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Control Valve Selection Requirements

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Control valves abound in every area of industrial process control. Control valves handle all kinds of fluids at temperatures from the cryogenic range to well over 1000°F (538°C). Selection of a control valve body assembly requires particular consideration to provide the best available combination of valve body style, material, and trim construction design for the intended service. Capacity requirements and system operating pressure ranges also must be considered in selecting a control valve to ensure satisfactory operation without undue initial expense.

Information required to select a control valve. Photo Credit : Fisher

The numbers in the orange colored circles in the above control valve diagram corresponds to the serial numbers in the table below where we have given the typical information required to select the right control valve. For example serial numbers 1, 2, 3, 4, 5 represents fluid properties corresponding to serial numbers 1, 2, 3, 4,5 in the table below.

To have a clear understanding of the information required to select a control valve which we have discussed in this article, please read the following:
Because of the tendency to get the selection of control valves wrong, most control valve manufacturers and their representatives have dedicated themselves to helping their clients select the control valve most appropriate for the existing service conditions. To aid in selecting the right control valve, the following information must be provided before the actual sizing and selection process:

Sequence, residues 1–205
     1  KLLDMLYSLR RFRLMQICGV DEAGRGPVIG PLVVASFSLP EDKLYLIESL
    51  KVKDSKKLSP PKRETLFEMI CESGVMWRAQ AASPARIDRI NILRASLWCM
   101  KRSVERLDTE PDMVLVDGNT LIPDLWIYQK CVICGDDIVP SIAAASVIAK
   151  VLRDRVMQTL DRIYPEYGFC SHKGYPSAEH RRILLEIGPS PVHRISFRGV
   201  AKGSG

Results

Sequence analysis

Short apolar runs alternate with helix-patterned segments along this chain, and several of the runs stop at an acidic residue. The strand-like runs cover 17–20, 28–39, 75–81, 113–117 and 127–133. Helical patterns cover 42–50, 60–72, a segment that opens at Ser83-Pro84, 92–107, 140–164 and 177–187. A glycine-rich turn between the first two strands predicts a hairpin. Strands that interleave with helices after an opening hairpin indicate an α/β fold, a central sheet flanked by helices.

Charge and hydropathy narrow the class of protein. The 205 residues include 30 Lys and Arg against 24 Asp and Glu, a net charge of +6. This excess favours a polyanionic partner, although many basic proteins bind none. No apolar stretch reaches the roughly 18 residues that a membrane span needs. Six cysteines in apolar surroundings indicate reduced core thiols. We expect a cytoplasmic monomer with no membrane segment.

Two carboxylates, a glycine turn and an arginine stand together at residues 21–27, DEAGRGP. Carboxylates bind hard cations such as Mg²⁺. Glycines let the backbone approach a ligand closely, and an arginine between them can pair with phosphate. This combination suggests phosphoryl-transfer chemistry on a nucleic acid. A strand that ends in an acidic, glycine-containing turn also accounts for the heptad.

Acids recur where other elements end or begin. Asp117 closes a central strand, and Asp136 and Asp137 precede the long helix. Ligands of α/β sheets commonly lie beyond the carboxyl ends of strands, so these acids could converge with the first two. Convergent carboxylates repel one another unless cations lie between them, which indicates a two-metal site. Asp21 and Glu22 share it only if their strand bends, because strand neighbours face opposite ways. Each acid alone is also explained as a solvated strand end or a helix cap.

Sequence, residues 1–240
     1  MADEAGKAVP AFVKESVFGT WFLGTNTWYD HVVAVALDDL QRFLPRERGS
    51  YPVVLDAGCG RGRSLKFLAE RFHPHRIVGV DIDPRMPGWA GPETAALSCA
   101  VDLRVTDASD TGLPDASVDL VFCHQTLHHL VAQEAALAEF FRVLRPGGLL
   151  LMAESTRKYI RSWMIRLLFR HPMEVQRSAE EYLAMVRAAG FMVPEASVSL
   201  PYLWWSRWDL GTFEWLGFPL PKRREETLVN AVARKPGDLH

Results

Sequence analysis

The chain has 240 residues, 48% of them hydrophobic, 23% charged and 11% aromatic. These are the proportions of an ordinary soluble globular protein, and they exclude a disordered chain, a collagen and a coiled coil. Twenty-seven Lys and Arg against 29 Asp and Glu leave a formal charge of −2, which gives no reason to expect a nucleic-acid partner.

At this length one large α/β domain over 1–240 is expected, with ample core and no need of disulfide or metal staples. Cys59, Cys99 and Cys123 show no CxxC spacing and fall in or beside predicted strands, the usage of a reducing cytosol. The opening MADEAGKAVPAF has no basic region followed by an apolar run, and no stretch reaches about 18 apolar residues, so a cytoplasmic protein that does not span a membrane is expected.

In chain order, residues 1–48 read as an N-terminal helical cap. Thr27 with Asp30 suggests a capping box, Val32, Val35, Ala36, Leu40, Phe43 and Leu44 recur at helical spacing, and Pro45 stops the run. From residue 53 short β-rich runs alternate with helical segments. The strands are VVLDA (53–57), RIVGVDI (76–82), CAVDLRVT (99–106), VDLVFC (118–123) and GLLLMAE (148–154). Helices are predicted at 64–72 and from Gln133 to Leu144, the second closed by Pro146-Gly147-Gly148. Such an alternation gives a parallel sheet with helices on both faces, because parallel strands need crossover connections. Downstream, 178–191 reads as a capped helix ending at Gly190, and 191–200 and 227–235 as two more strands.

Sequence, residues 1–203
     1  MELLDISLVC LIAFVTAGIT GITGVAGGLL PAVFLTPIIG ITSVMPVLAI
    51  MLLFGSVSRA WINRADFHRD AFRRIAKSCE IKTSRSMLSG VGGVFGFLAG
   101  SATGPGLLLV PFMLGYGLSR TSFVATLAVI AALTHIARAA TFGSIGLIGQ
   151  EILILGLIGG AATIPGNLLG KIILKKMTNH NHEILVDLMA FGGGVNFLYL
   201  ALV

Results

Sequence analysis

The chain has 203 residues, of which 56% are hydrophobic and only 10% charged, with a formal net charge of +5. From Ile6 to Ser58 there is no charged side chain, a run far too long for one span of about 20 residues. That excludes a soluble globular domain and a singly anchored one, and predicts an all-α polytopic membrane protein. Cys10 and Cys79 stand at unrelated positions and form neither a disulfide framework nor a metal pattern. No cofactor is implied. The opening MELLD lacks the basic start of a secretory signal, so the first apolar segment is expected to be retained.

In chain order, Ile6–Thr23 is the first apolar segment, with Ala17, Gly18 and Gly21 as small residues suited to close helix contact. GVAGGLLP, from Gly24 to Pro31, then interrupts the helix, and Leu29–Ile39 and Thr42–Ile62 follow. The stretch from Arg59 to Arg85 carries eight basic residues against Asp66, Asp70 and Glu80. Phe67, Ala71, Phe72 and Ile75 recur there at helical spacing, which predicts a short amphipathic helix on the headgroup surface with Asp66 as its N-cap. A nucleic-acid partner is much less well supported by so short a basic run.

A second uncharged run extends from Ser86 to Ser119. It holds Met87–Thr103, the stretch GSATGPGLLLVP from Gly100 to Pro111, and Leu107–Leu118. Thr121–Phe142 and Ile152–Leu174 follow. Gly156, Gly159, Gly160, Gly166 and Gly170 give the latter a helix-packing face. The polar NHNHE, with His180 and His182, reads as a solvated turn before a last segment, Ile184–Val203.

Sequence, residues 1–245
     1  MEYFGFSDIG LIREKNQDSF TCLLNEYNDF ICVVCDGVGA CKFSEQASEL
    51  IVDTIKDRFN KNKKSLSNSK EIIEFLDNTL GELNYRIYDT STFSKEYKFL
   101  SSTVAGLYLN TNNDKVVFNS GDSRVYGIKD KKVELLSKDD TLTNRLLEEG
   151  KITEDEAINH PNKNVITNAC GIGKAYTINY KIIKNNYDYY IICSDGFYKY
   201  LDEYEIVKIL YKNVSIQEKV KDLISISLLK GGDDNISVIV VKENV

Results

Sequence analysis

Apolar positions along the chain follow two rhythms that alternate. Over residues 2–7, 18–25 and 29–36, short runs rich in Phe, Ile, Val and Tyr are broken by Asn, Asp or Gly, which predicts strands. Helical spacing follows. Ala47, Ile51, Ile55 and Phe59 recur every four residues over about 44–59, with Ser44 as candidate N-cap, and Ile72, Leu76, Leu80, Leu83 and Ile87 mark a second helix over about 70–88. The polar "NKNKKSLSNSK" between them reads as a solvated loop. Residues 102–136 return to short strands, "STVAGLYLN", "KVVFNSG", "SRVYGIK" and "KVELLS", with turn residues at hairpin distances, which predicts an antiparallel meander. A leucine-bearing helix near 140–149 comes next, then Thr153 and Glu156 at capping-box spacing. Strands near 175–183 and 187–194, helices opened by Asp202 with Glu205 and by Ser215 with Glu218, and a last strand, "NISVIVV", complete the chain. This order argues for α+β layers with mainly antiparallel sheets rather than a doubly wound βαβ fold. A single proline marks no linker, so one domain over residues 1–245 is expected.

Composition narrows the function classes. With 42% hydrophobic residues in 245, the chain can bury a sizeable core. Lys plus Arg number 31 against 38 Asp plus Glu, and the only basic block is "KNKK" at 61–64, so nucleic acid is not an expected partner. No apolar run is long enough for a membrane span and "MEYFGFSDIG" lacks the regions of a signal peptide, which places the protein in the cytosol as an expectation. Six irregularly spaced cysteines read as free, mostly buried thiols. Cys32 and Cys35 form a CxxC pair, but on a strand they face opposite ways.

S/N   
CONTROL VALVE SELECTION INFORMATION
1 Type of fluid to be controlled What fluid will you be controlling? Water?, natural gas? 
2 Temperature of fluid State the worst scenario temperature of the fluid in degree Fahrenheit or Celsius
3 Viscosity of fluid
4 Specific gravity of fluid
5 Flow capacity of the control valve State the maximum and minimum flow rates.
6 Inlet pressure at valve State maximum and minimum inlet pressures expected to be handled by the control valve
7 Outlet pressure at valve State maximum and minimum outlet pressures expected to be handled by the control valve
8 Pressure drop during normal flowing conditions
9 Pressure drop at shut off
10 Noise level State the maximum permissible noise level if required and the measurement reference point e.g 55 dBA
11 Degrees of superheat or existence of flashing if known
12 Inlet and outlet pipeline size and schedule
13 State whether any special tagging information is required for the control valve
14 Body material of the control valve State the required body material of the control valve - ASTM A216 grade WCC, ASTM A217 grade WC9, ASTM A351 CF8M, etc.)
15 End connections and valve ratings Is it going to be screwed? Class 600 RF flanged? Class 1500 RTJ flanges? etc
16 Valve action desired when instrument air fails Is the valve to fail open, close or retains its last controlled position?
17 Instrument Air Availability State whether the valve require instrument air
18 Valve type number Only when required by manufacturer
19 Valve size
20 Valve body construction Is the valve body going to be angle? double-port? Butterfly? etc.
21 Valve port size State whether the valve port size is going to be full or restricted
22 State the desired valve trim materials required
23 Flow action State whether flow will tend to open valve or close valve
24 Actuator size State the size of actuator required for the control valve.
25 Bonnet Style Is the bonnet style going to be plain, extension,
bellows seal, etc.

26 Valve packing materials State the type of valve packing material - PTFE V-ring, laminated graphite, environmental
sealing systems, etc.

27 Valve accessories State the control valve accessories required – positioner, handwheel etc